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Ice patterns and hydrothermal plumes, Lake Baikal, Russia - Insights from Space Shuttle hand-held photographyEarth photography from the Space Shuttle is used to examine the ice cover on Lake Baikal and correlate the patterns of weakened and melting ice with known hydrothermal areas in the Siberian lake. Particular zones of melted and broken ice may be surface expressions of elevated heat flow in Lake Baikal. The possibility is explored that hydrothermal vents can introduce local convective upwelling and disrupt a stable water column to the extent that the melt zones which are observed in the lake's ice cover are produced. A heat flow map and photographs of the lake are overlaid to compare specific areas of thinned or broken ice with the hot spots. The regions of known hydrothermal activity and high heat flow correlate extremely well with circular regions of thinned ice, and zones of broken and recrystallized ice. Local and regional climate data and other sources of warm water, such as river inlets, are considered.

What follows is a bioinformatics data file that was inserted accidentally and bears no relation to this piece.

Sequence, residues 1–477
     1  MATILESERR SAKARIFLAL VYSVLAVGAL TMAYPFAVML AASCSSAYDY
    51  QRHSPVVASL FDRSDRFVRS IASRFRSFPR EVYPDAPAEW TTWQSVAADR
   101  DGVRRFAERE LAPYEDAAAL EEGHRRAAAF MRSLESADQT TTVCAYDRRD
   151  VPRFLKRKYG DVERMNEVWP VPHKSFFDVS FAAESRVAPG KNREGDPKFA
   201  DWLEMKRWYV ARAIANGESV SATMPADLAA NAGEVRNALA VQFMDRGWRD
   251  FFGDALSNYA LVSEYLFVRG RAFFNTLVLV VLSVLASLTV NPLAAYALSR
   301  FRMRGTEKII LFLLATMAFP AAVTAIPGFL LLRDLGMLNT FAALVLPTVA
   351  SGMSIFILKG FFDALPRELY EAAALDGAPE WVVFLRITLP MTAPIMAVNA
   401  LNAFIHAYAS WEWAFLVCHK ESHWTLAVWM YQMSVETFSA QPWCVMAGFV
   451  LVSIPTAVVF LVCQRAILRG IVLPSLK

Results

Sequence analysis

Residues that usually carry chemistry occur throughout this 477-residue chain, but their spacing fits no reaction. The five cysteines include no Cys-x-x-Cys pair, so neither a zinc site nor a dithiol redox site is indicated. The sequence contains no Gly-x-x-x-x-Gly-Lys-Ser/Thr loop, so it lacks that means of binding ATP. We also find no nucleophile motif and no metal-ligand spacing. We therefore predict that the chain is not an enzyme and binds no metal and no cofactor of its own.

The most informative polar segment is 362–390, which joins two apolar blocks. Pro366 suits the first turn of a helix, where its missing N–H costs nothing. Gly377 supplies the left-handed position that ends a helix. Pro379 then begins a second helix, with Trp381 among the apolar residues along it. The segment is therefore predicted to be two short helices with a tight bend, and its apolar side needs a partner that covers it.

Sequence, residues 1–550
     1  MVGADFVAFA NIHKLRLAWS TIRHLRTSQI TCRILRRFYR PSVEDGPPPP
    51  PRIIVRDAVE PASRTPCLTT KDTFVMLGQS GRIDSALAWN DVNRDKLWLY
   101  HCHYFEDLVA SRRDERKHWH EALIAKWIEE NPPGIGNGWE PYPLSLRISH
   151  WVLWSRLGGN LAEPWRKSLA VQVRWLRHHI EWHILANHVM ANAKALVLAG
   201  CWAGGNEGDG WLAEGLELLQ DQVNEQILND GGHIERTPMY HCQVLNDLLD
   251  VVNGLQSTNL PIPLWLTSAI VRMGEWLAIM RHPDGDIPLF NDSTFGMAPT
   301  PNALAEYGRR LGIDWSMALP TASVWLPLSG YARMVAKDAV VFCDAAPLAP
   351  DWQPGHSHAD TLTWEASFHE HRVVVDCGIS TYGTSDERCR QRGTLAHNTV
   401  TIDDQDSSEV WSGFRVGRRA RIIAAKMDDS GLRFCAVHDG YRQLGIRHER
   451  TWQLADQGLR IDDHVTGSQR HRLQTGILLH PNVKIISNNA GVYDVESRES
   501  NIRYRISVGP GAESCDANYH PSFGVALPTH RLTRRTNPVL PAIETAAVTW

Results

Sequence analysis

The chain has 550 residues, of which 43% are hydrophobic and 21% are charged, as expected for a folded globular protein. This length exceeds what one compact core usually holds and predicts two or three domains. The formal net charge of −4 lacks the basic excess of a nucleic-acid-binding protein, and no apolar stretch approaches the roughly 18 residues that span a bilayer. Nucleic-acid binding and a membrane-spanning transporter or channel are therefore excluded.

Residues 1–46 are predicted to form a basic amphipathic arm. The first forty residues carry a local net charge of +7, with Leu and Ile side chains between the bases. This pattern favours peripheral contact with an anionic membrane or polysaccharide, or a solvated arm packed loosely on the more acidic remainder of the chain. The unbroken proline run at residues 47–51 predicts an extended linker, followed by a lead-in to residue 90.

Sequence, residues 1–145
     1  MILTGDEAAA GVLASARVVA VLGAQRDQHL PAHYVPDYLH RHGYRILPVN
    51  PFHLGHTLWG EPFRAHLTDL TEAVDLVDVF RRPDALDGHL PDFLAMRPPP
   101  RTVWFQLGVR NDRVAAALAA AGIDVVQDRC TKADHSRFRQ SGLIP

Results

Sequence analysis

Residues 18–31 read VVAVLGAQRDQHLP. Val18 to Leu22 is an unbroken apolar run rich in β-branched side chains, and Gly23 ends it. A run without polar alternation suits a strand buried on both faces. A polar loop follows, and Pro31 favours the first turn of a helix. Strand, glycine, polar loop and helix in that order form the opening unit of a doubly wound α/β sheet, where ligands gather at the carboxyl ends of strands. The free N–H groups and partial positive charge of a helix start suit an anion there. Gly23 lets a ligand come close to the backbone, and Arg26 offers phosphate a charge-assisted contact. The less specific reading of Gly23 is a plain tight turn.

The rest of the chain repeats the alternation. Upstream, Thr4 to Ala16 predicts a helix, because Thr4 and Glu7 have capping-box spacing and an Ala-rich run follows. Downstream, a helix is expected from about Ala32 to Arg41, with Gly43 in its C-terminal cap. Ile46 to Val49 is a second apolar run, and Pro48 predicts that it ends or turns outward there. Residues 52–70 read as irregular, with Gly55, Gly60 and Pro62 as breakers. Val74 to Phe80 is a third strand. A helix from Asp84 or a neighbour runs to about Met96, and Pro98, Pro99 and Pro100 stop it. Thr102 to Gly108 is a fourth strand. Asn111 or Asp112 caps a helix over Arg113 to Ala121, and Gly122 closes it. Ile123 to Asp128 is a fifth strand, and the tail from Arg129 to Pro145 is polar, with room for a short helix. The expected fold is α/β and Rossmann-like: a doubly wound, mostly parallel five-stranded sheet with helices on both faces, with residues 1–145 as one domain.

Document ID
19930063983
Document Type
Conference Paper
Authors
Evans, Cynthia A. (NASA Johnson Space Center Houston, TX, United States)
Helfert, Michael R. (Lockheed Engineering & Sciences Co. Houston, TX, United States)
Helms, David R. (NASA Johnson Space Center Houston, TX, United States)
Date Acquired
August 16, 2013
Publication Date
January 1, 1992
Publication Information
Publication: In: IGARSS '92; Proceedings of the 12th Annual International Geoscience and Remote Sensing Symposium, Houston, TX, May 26-29, 1992. Vol. 2 (A93-47551 20-43)
Subject Category
EARTH RESOURCES AND REMOTE SENSING
Distribution Limits
Public
Copyright
Other

Related Records

IDRelationTitle19930063554Analytic PrimaryIGARSS '92; Proceedings of the 12th Annual International Geoscience and Remote Sensing Symposium, Houston, TX, May 26-29, 1992. Vols. 1 & 2